What Is a DEC Page?
An insurance policy shifts stated risks from a person or business to an insurance company. Because insurance policies can easily consist of dozens of pages of legal specification, insurance companies developed "Declaration Pages", commonly called a "DEC Page" (even if it consists of more than one page) to highlight the policy features. You can think of a declaration page as an executive summary of coverage.
It's a mistake to believe that an insurance policy's DEC page is the policy and describes in any kind of detail what is and is not covered within the terms of the insurance contract. In fact, a DEC Page is one of four parts of every contract, and arguably one of the least important from a "am I covered?" point of view. It's a place to begin checking what coverages are included, and never the end.
The four primary sections of most insurance policies include:
- The aforementioned DEC Page
- The Insuring Agreement
- Policy Exclusions
- Conditions that effectively limit when a policy is in force and when it isn't
While it may sound as if the DEC Page may not hold much value, it allows the insured (person protected by the policy and usually the purchaser) to quickly make sure all the basics are correct. A DEC Page also allows others to see what type of coverage the insured has. For example, a DEC Page that describes a general liability policy will allow an interested third party know that you have liability coverage. It won't let the third party necessarily know EXACTLY what coverage is there, but at least they'll know you have some coverage (and will need to dig deeper to get details). If you're reviewing another's DEC Page to make sure the party you're contracting with has insurance coverage, you can tell they have "some" coverage, but you won't know exactly "what" coverage the other party has.
The DEC Page will typically disclose the following:
- The Insured's Name (if this is incorrect, for example, a spelling error or it's in a person's name and it should be in a company's name -or vise-versa- get it corrected right away)
- The insured's address or addresses. Each address should be listed if more than one applies
- The amount of coverage. Often this is broken into several parts including an event limit, the type of event claim, an aggregate limit, and other types of coverage with limits. Again, this is an overview and to really know what's covered and what's not, a full policy review is required.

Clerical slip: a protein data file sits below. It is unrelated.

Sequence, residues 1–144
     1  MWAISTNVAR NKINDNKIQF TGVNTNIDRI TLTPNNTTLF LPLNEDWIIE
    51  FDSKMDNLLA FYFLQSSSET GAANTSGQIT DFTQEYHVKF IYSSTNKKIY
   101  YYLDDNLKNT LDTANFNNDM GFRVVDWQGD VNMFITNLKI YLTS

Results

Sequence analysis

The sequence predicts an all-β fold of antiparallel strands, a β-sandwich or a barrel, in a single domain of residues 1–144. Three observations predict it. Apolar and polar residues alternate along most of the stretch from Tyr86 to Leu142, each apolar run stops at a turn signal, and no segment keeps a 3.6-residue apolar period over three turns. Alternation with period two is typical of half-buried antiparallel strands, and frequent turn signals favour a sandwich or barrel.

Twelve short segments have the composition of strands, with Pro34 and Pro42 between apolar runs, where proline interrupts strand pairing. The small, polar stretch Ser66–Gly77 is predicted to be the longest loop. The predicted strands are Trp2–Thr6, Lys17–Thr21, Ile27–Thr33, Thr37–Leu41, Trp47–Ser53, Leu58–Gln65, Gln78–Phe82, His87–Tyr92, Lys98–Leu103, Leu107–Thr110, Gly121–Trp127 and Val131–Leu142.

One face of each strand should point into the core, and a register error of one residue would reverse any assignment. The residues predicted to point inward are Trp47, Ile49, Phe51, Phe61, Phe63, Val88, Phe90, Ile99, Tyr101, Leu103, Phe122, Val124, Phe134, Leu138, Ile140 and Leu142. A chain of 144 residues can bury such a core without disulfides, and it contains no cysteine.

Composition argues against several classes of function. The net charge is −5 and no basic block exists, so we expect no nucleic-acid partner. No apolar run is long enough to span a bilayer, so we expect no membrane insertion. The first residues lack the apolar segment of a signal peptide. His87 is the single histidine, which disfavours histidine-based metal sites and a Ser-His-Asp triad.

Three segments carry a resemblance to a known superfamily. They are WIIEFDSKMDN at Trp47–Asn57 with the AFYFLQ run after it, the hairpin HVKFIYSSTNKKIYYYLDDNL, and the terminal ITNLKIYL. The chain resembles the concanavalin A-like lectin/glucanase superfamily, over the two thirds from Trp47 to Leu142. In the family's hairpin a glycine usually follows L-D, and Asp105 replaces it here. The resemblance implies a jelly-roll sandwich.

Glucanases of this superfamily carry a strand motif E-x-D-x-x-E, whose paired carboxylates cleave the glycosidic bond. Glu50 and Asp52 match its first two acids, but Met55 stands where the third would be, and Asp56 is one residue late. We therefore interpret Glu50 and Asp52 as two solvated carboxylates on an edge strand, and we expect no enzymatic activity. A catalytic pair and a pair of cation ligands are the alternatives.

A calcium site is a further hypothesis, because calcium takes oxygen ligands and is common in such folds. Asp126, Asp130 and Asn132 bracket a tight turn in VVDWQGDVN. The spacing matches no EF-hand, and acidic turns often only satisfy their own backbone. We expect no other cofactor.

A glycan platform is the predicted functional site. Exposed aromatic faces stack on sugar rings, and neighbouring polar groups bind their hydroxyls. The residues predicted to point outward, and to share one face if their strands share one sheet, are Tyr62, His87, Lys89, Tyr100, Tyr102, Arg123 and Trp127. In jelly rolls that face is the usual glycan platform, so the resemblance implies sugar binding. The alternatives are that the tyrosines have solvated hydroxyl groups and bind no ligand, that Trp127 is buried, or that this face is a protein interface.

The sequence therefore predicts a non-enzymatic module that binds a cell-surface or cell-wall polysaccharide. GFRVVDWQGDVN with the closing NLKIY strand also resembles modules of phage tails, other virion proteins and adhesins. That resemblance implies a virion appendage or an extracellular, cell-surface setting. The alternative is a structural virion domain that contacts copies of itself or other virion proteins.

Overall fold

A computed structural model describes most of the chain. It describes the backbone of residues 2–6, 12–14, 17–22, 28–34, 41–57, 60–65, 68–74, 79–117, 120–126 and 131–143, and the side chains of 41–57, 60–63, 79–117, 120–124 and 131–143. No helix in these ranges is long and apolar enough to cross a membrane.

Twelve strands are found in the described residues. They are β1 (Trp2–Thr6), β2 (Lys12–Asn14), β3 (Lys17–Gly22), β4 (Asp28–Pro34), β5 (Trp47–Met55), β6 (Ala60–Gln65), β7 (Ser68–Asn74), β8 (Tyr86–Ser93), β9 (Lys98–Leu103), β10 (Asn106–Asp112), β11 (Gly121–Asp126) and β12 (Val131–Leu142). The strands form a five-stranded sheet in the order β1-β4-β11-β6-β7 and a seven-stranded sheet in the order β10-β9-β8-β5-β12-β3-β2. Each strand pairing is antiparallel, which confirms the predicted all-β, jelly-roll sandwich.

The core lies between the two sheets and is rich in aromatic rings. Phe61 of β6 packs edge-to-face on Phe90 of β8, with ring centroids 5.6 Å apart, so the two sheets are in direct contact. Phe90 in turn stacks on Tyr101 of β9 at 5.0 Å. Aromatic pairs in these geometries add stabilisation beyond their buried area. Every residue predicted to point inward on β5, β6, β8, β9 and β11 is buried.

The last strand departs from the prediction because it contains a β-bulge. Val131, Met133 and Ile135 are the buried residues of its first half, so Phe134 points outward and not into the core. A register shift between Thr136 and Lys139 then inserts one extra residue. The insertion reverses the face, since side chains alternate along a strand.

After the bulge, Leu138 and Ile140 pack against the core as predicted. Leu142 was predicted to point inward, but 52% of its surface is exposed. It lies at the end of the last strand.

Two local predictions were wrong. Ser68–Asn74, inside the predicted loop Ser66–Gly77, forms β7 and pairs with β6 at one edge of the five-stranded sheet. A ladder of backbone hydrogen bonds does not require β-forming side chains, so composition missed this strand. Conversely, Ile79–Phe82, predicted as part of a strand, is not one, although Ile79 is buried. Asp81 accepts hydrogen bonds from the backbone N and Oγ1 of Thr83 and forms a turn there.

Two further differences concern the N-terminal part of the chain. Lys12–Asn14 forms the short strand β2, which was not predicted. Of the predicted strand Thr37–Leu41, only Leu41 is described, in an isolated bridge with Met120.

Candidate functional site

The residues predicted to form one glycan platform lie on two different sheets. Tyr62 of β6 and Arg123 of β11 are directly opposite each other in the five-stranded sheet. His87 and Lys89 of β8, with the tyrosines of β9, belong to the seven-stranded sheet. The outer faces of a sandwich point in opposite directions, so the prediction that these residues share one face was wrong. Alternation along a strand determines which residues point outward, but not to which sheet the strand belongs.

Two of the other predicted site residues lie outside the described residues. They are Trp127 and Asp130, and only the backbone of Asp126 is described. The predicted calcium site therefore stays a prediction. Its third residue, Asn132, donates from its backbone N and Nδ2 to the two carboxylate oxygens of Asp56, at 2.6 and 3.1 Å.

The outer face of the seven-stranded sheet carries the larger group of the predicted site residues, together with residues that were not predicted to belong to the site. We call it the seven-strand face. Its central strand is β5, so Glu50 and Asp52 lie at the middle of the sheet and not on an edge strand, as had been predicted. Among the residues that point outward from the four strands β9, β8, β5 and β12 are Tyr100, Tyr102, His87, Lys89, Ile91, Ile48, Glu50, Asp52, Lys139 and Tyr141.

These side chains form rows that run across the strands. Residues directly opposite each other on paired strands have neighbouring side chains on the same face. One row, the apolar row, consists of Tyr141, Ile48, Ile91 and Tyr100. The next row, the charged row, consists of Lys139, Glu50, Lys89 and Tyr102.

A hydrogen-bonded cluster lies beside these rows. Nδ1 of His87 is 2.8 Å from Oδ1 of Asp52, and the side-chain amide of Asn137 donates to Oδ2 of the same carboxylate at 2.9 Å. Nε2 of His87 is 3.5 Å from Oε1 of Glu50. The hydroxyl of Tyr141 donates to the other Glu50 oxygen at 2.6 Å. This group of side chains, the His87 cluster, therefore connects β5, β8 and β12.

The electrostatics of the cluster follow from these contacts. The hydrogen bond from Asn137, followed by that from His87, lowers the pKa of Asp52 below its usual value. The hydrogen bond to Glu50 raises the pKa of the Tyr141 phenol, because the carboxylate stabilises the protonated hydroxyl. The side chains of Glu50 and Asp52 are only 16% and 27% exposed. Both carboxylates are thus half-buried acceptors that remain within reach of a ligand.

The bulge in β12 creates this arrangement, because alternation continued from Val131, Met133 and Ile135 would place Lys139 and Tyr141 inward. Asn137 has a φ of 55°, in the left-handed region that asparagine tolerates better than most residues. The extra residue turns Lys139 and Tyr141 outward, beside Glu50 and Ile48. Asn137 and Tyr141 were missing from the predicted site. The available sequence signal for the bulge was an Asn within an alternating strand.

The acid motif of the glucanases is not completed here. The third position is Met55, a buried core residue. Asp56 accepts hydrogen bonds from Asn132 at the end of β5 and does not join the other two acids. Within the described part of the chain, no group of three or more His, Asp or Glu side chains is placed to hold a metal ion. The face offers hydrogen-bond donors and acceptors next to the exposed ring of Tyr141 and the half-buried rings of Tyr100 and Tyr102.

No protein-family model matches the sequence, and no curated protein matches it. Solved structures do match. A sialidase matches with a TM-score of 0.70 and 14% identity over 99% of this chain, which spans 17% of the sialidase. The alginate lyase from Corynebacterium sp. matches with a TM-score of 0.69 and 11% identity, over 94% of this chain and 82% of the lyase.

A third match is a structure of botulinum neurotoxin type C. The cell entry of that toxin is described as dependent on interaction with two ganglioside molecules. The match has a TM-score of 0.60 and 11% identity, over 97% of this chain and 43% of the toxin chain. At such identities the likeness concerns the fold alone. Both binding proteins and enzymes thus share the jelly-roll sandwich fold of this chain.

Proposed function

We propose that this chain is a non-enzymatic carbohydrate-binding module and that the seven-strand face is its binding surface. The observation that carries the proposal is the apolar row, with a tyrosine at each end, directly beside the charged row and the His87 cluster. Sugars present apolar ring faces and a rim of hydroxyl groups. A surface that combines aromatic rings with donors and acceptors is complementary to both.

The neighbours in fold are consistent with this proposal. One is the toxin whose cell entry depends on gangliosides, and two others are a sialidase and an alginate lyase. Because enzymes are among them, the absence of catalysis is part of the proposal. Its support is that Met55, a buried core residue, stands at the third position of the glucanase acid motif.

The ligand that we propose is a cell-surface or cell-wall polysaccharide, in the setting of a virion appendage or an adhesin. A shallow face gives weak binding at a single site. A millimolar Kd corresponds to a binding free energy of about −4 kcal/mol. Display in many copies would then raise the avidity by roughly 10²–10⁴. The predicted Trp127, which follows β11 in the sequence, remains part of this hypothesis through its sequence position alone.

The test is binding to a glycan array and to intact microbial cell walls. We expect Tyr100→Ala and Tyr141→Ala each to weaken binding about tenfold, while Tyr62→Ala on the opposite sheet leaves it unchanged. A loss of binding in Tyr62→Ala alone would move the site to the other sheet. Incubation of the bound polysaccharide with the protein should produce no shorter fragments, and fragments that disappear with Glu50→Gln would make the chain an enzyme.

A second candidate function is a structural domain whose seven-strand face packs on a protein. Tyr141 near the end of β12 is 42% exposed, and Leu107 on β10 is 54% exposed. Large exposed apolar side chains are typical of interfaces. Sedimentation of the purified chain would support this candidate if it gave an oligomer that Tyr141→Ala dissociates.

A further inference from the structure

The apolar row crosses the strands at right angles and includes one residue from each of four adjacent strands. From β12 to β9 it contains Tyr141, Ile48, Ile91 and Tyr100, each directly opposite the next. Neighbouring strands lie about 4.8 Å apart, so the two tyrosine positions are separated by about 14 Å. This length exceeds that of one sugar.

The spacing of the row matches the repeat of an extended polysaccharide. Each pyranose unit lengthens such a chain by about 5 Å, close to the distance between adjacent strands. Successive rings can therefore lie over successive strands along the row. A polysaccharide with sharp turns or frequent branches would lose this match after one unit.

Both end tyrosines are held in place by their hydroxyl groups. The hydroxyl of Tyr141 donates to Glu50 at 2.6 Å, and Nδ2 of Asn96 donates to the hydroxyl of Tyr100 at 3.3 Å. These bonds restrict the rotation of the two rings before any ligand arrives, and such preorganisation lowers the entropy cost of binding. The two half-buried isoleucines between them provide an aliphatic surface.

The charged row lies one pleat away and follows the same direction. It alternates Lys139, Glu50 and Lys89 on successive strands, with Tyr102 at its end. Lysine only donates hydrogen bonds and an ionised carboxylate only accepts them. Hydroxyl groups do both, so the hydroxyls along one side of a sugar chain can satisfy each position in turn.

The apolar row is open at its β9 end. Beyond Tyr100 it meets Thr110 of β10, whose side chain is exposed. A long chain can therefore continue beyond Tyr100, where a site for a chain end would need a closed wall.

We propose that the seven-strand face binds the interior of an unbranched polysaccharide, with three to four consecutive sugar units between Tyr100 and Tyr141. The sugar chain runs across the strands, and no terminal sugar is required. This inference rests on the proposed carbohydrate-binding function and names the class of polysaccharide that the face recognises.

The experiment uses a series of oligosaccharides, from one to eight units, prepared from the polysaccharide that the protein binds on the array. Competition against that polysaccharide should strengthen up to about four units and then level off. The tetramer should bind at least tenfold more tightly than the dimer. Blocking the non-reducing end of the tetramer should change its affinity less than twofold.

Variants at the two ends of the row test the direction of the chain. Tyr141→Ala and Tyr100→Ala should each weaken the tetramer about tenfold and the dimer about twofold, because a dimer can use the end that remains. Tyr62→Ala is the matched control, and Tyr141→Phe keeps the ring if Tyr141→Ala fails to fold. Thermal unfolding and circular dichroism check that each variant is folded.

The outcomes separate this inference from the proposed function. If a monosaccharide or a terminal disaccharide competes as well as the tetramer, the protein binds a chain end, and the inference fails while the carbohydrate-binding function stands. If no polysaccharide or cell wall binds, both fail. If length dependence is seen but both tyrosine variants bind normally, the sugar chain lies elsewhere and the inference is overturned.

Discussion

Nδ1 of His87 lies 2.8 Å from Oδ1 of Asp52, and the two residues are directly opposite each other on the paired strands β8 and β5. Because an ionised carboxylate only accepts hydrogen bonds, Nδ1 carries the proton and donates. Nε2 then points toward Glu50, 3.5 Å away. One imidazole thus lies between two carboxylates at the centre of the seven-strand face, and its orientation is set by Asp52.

- The effective date coverage begins and ends. It's important to note that most policies can be canceled for a variety of reasons before the end date. This includes lack of payment, cancelation requests, and even (although rare) insolvency of the insurance company. In other words, just because a DEC Page has a future ending date doesn't mean the policy is in force, or will remain in force until the end date. This is an important aspect of knowing who you do business with.
- Deductibles for any given type of claim. Sometimes the deductibles are the same for everything, but they don't have to be.
- Notice of scheduling or perhaps the schedule itself. A schedule or lists of covered property let's the insured know that certain property is specified. Not having property itemized doesn't necessarily mean it isn't covered (you have to dig deeper to find out), but having an item scheduled indicates it (should) be covered or is at least addressed to remove ambiguity.
As you can see, a DEC Page is useful, can in order to truly understand what a policy covers and doesn't cover, you'll want to examine the entire policy from start to finish. Obviously, that's a considerable task for anyone, including insurance agents (insider's secret – most agents don't read an entire policy unless they specialize in the type of insurance in question. So if you ask a detailed question, you can expect the agent to read the policy to confirm one way or another). What that means is for most people other than perhaps lawyers, having a experienced insurance agent answer your question(s) is likely much more advantageous over trying to figure it out yourself.